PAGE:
When is an IATA agent not an IATA agent?
SOME forwarders who are becoming IATA accredited aircargo agents / intermediaries in Australia are now finding that going through the procedures that IATA require are now not delivering the expectations and outcomes of the program, in that some air carriers (airlines) may still not wish to conduct a business relationship or at least require additional financial requirements.
To become an IATA accredited aircargo agent/intermediary a forwarder has to meet the financial criteria laid down in IATA’s ‘Resolutions’. These include the requirements of producing three years of certified accounts as well as having two staff that are Dangerous Goods (DG) trained, plus warehouse staff who are qualified in aircargo specific Load Distribution and Restraint courses and additional staff trained in DG procedures in each branch office they also accredit.
In addition, under Australian Government regulations, they also have to have an Air Cargo Transport Security Programme in place if they operate their own warehouse where they handle and store cargo destined for international air export.
All of these stringent safety and security requirements both protect IATA airline members and naturally costs the forwarder a great deal of money and time but they are now finding that even meeting all of these requirements is now not enough for some air carriers.
Certain air carriers are requiring the same three years of financial statements before they consider issuing airway bills, whilst others require almost exactly what has already been sent to the IATA accreditation office.
When asked why these additional requirements are needed, forwarders are being told it’s at the request of the airline head office and not a local decision. They are also adding what is perceived as an overly burdensome layer of financial security requirement to safeguard their funds, without the evidence of any increased risk. The air carriers in question will not, it seems, ask IATA for the information already provided.
This perceived risk element is hard to understand as in the last three years there has not been one default payment by an Australian forwarder. This on total payments of over $500 million per annum.
Some air carriers are actually refusing Airway bills from accredited forwarders as they say they have too many customers and claim their head offices do not want any more new cargo agents. Turning away business is certainly a strange strategy in this current business climate.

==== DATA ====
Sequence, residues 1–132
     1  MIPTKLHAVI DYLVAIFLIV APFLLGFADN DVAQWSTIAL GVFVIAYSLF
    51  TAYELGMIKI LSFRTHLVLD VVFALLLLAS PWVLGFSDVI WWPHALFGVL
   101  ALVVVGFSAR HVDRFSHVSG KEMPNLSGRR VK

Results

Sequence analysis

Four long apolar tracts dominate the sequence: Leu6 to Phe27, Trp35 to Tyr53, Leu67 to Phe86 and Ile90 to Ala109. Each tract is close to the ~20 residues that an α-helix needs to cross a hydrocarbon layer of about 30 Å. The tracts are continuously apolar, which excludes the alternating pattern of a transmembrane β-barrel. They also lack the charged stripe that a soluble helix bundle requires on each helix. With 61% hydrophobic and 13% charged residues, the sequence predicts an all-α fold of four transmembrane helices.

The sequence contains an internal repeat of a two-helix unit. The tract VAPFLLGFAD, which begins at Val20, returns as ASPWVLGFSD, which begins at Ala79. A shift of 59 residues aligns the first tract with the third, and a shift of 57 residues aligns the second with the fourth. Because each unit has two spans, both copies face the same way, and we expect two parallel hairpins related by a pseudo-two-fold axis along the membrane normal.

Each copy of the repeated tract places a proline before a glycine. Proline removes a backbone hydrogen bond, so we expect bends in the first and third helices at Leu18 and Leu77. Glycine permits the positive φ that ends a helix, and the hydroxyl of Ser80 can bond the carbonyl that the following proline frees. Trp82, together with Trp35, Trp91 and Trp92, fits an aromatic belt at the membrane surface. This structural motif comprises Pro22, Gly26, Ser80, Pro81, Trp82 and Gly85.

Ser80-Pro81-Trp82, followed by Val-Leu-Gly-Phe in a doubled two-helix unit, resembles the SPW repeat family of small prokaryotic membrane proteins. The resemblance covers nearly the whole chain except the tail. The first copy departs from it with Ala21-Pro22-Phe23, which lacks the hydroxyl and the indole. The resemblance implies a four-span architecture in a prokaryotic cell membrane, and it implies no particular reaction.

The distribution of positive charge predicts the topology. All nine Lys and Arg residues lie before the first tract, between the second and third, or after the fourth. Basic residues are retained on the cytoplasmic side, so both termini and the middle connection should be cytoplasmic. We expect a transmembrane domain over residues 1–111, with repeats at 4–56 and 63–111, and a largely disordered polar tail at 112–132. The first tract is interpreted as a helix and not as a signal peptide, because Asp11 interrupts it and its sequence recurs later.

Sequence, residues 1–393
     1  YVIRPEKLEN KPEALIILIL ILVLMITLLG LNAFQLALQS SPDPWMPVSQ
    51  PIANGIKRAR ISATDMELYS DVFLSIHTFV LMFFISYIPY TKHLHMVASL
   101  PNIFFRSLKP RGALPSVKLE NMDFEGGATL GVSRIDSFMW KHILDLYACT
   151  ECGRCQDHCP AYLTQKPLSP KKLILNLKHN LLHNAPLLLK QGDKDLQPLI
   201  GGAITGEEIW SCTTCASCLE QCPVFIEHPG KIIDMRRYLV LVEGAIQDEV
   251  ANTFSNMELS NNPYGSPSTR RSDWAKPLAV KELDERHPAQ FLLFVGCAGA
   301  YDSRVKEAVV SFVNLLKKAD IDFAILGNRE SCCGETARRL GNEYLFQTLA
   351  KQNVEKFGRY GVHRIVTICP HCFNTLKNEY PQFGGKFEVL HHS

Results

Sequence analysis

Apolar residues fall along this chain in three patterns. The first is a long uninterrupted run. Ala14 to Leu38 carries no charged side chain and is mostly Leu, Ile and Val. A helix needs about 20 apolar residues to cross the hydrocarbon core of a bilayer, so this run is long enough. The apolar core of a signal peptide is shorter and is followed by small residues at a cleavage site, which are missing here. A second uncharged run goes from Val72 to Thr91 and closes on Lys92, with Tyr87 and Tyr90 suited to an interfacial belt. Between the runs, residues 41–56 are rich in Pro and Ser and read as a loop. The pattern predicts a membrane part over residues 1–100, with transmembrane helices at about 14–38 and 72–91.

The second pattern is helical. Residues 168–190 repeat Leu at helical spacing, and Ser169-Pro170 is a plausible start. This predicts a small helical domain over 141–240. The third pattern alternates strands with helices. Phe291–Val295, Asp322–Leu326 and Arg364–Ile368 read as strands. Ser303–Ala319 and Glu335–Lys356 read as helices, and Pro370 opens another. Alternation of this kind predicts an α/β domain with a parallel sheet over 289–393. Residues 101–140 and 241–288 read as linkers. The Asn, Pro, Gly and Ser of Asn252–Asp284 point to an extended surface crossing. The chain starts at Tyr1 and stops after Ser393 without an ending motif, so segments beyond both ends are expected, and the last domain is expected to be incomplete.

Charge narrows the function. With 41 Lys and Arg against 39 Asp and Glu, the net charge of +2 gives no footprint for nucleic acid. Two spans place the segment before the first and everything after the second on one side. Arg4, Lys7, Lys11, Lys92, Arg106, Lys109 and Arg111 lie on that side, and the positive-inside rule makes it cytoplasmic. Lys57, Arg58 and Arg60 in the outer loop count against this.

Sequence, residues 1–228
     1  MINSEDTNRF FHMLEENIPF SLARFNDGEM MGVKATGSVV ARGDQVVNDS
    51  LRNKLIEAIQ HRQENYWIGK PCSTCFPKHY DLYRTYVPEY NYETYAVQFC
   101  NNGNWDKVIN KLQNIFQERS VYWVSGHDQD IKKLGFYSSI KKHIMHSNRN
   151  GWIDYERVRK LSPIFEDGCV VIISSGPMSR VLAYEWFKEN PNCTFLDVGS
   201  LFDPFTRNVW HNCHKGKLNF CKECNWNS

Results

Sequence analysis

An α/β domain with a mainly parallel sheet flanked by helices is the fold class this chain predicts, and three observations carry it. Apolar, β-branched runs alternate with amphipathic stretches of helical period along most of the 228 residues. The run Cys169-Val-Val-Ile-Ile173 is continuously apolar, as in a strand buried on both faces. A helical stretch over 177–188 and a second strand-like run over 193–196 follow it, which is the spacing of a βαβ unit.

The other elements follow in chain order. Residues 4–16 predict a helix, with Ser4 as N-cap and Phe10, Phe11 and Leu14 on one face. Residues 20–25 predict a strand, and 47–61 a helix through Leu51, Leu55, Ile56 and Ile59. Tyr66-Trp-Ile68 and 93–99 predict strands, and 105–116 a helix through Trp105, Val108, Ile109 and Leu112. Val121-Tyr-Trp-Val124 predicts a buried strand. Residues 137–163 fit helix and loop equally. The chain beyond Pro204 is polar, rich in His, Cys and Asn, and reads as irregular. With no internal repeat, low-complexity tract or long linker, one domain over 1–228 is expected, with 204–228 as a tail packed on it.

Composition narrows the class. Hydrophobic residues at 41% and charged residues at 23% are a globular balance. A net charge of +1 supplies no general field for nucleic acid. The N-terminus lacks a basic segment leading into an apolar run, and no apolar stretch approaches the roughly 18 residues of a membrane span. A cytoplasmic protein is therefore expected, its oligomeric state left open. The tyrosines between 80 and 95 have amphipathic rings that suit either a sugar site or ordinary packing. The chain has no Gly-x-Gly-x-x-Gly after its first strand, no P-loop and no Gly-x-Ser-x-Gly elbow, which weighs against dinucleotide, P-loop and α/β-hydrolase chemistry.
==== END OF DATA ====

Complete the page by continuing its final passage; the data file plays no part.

This is a disturbing chain of events and puts new forwarder entrants into the export air cargo market at a distinct disadvantage over those agents who already hold Airway bill numbers of those carriers who now either refuse to issue new numbers or require information already provided to IATA.
It is difficult to understand these decisions from carriers as it means business they could handle is being given to their opposition.
AFIF has approached both the local IATA office in Sydney and has now escalated the issue to IATA Head office in Geneva – who say their hands are tied as they cannot make any of their airline members work with any forwarder in any market. Also each airline is able to set whatever financial criteria they choose over and above those set by IATA themselves.
This would then beg the issue as to why any forwarder would go to the expense of paying IATA in order to become an accredited agent, when that does not guarantee them the ability to work with all airlines.
An option might be to become a CASS associate, of which there are very few in Australia, and deal with an airline on a one to one basis but without the costs associated of being an accredited IATA agent, which defeats the purpose of having an accreditation process in the first place!
From the print edition February 11, 2016